You’ll probably see a lot of posts on the Internet claiming to know the secret to overcoming the mentally and emotionally crippling condition that is insomnia. As an occasional sufferer, I have come to learn that the harder you try, the harder it is to sleep, and in fact, there is no real cure – but you can learn to deal with it.

I had spent many a night tossing and turning whilst my significant other snored on blissfully beside me – a source of great irritation when you’re finding it hard enough to sleep as it is – and in the end I was getting so fed up with it, I decided to try out a different tactic. I’d already tried drinking milk before bed, leaving the window slightly open, wearing socks, not wearing socks, going to bed earlier, going to bed later, and so far none of these things had worked.

So, one night, when I couldn’t’ sleep, I decided I was going to get OUT of bed and do all the things I was worrying about IN bed. I made myself a cup of peppermint tea (very good for the cleansing of the soul), sent a few emails that needed to be sent, and caught up on any outstanding work. I didn’t get to bed until 3 am, BUT, when I did, I slept like a baby.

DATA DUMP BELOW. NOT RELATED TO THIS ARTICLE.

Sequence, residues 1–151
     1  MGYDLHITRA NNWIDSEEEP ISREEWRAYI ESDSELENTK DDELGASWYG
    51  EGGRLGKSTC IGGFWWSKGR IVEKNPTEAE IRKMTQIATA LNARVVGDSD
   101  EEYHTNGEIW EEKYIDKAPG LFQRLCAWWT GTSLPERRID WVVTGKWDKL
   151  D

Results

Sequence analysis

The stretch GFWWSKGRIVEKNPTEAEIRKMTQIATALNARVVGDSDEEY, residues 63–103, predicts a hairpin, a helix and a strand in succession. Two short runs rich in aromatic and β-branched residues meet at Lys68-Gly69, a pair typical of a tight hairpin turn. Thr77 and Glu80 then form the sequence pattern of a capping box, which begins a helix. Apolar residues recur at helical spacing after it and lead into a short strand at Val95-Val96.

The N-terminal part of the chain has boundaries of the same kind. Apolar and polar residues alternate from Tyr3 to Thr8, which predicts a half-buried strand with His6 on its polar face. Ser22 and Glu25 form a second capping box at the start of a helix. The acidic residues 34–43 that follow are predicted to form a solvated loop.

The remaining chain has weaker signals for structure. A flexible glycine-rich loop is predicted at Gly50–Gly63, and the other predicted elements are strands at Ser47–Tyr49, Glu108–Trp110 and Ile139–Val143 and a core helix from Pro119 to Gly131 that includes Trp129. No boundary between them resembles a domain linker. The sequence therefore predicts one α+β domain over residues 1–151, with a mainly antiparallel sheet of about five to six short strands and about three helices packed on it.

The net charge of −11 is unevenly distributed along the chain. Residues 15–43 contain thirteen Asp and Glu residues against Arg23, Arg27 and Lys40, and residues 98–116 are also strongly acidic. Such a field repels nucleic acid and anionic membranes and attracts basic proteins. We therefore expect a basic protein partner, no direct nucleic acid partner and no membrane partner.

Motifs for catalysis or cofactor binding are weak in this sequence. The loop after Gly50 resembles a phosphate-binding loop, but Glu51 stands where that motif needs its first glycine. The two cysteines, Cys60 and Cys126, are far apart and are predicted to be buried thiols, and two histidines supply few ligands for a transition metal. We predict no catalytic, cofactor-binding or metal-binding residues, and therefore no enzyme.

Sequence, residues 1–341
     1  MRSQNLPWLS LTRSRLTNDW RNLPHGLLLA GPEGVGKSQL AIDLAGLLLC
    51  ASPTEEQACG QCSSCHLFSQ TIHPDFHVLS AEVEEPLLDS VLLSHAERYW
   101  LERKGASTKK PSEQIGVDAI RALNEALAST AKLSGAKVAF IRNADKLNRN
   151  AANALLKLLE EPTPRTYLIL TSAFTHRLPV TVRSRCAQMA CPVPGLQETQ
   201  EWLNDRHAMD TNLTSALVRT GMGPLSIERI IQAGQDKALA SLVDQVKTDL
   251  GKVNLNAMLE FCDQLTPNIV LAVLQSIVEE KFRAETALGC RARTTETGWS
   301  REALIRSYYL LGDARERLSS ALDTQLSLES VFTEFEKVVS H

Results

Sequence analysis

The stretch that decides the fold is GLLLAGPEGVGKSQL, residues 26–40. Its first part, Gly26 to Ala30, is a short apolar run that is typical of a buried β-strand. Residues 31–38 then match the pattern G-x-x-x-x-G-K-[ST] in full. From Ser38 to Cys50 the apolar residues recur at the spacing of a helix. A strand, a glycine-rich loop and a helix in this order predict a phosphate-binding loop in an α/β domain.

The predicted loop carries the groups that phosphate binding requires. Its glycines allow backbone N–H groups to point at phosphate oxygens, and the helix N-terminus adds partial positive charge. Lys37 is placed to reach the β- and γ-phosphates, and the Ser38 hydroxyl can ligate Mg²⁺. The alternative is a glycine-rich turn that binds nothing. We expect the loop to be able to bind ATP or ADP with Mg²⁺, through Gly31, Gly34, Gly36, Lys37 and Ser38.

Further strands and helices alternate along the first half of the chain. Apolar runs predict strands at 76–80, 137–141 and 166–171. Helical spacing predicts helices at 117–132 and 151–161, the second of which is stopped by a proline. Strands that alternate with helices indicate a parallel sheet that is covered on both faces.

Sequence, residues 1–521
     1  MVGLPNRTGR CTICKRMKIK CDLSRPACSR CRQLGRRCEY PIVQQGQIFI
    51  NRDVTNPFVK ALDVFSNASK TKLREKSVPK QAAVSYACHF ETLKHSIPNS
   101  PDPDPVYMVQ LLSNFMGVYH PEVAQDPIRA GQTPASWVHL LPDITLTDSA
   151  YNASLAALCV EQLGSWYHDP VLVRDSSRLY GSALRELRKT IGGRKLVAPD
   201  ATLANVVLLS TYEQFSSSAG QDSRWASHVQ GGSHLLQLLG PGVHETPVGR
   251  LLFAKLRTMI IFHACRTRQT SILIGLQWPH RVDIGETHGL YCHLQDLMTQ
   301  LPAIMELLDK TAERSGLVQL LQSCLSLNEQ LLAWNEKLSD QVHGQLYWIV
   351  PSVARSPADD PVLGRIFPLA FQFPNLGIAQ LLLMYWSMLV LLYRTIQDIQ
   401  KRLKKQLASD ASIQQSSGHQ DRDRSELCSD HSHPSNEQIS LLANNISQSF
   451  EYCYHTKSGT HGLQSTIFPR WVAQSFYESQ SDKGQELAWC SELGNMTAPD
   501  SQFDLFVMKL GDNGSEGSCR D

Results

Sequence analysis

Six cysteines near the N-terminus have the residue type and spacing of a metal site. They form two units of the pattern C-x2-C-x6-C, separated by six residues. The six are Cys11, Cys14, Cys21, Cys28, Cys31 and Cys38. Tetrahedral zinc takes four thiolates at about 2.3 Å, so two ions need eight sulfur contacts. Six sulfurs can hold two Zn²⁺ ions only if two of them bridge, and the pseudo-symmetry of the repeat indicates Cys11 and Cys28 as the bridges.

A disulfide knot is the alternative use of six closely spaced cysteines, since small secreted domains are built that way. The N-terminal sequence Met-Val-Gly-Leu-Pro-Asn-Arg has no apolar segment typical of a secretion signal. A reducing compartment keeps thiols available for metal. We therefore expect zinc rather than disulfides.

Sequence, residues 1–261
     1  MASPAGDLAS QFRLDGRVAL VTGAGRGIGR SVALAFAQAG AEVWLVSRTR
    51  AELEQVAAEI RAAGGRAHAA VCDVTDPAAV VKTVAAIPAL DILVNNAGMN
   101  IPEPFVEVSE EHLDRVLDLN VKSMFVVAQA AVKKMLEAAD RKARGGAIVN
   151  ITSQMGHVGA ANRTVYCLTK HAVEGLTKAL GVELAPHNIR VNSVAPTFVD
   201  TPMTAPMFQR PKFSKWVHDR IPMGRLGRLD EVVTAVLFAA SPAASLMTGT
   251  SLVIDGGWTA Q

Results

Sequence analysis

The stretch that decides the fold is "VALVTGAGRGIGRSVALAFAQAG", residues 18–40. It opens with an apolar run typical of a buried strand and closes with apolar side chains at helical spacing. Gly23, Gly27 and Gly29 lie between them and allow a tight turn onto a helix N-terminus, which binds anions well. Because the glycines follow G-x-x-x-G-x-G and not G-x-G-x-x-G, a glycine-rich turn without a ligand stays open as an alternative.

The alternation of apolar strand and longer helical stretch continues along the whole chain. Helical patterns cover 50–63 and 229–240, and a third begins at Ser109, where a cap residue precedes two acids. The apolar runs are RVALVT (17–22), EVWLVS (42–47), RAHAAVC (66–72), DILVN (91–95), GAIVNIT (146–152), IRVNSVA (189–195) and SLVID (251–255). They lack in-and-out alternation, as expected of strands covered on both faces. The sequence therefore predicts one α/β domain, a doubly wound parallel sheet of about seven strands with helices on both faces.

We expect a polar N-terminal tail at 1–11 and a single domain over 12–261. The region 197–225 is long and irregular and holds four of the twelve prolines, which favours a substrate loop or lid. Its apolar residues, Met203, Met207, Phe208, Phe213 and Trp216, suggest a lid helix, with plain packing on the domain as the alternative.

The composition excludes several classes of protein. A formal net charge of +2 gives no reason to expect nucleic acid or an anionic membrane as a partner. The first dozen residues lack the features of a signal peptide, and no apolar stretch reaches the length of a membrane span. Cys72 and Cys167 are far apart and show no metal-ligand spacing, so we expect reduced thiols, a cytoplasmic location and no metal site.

The key is, as any medical related article worth it’s salt will tell you, to avoid sleeping in the next day, no matter how little sleep you may have had the night before. But as far as bedtime goes, I say go to bed only when you’re absolutely ready for it.

One of the great perks to doing something productive with your time when you can’t sleep is that you can go to bed with the knowledge that you have a great deal less to worry about the next day. There’s nothing worse than watching the seconds tick by, knowing that you have to get A B and C done in the morning. It makes far more sense to do the things you have to do whilst you’re wide- awake (and believe me, you’ll never be more awake than when you know you should be asleep).

In my student years, alongside more or less every other student in the world, I would pull all-nighters in order to get an essay in on time. Ironically, I got some of my best marks for essays completed in the wee hours of the morning, whilst high on adrenaline and pure fear. I should mention as a side note that I do not recommend leaving things to the last minute, by any means. Preparation is the key to success and all that. I also do not recommend (for those who struggle to stay AWAKE during an all-nighter) consuming a ridiculously obscene amount of coffee with enough caffeine in to keep the entire population of Russia awake for a year. That was a bad move. I swear I went blind in one eye.

Essay or no essay, if you’re finding it hard to sleep, don’t waste time – get up and do something productive. At the very least, it certainly won’t make your insomnia any worse. At best, you might just produce something worthwhile.